A University of Toronto-led transparency project has criticised Canada's ISPs for unnecessarily routing user traffic via the US, even when both the origin and destination of the traffic is within Canada.
In a study that mirrors, in part, European concerns about why traffic should traverse the US when it doesn't need to, the Canadian transparency study blames an unwillingness to peer for sending traffic into the reach of the NSA.
The university's Andrew Clement and Jonathan Obar have put together the report along with an interactive map, in which they rate Canadian ISPs on various transparency characteristics. The ratings, the report says, are based on how easily users can find information including an ISP's compliance with data privacy legislation, how they report data access requests, how well they define personal information, information about where user data is stored.
Against the ten criteria used in the assessment, nobody scored highly: the best was Teksavvy, scoring just 3.5 stars out of a possible ten, followed by Primus on three stars.
None of the carriers tested provide transparency reporting, and the researchers say none of the 20 carriers they examined are in full compliance with Canada's PIPEDA (Personal Information Protection and Electronic Documents Act) privacy law.
About routing, the report states: “Fewer than half (8/20) of the ISP privacy policies refer to the location and jurisdiction for the information they store. Only one (Hurricane) gives an indication of where it routes customer data and none make explicit that they may route data via the US where it is subject to NSA surveillance”.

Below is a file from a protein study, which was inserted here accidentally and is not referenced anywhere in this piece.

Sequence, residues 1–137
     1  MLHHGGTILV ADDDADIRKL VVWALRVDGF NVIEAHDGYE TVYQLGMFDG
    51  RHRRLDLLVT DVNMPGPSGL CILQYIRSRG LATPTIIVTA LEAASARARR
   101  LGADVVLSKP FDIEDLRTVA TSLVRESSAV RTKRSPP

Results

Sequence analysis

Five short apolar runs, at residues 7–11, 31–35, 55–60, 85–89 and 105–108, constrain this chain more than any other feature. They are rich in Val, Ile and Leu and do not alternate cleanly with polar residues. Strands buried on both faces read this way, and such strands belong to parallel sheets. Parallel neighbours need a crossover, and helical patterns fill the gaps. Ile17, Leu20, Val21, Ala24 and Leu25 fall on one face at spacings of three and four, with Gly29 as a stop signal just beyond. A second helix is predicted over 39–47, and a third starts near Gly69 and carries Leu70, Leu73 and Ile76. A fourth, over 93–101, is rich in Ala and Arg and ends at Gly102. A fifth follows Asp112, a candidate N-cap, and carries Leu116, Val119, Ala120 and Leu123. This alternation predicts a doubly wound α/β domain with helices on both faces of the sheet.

“Boomerang” routing – where data leaves Canada, traverses US networks (who might choose to ignore PIPEDA) and returns to Canada – accounts for as much as 25 per cent of traffic, the report states. The report claims that traffic traversing the US is “almost certainly subject to NSA surveillance”.
The key reason, of course, is peering, a discussion that will resonate with smaller ISPs around the world. If an ISP is unable to peer its traffic within Canada's TorIX (Toronto Internet Exchange) or OttIX (Ottowa), it may need to send data upstream through its transit provider to reach its destination.